MIAMI BEACH, Fla. — British celebrity chef Jamie Oliver called Sarah Palin a "Froot Loop" for criticizing the Obama administration's healthy eating initiatives, and said getting healthy foods to kids is a civil rights issue.
The U.S. is in a "really dark moment" when it comes to children's health and needs to make it a priority, said Oliver, who tried to transform the diets of a West Virginia town with his 2010 ABC show "Jamie's Food Revolution" and is filming a new version in Los Angeles.
Improving what children eat at school alone can have a far-reaching, positive effect on their habits and health as adults, Oliver said Saturday during an Associated Press interview at the South Beach Wine and Food Festival.
He said he doesn't have much faith that government will lead the way, but said the Obama administration is on the right track.
Palin, in contrast, "clearly on this issue is a Froot Loop," he said.
The president recently signed a bill that increases the federal reimbursement for free school lunches and expands the government's nutrition requirements for the free and reduced meals it subsidizes to cover all foods sold during school hours.
Some school groups argue it will be hard for already-stretched schools to pay for the new requirements, and Palin and other conservatives have argued that telling children what to eat is a case of government meddling, and that parents should decide what their children eat.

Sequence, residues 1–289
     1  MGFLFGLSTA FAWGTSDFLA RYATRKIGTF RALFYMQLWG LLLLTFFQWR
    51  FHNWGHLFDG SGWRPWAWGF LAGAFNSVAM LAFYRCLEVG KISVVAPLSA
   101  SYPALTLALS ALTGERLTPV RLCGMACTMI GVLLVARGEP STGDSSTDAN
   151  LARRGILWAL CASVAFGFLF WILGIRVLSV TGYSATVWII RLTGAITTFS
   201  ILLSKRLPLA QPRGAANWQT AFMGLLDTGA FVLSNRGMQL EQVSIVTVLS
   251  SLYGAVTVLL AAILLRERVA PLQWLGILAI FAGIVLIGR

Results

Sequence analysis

But Oliver, who launched his career in England as "The Naked Chef," countered that he's heard from pediatricians and dentists who feel some parents are edging toward child abuse by not feeding them healthy food. And he argued that the obesity epidemic is hampering the American spirit of problem-solving and ingenuity.
"From my view of the health situation we're in at the moment, it really isn't allowing Americans to be Americans," he said.
But, he predicted that once a majority of the public takes to his ideas, things will change quickly.
"Americans, when you get them on something, will shift faster than anyone else," he said. "I think America's going to react very strongly to what I've filmed in the last two months."
J.M. Hirsch is food editor of The Associated Press. To see all of the videos from AP's coverage of the South Beach Wine and Food Festival, go to: http://bit.ly/f4lFT6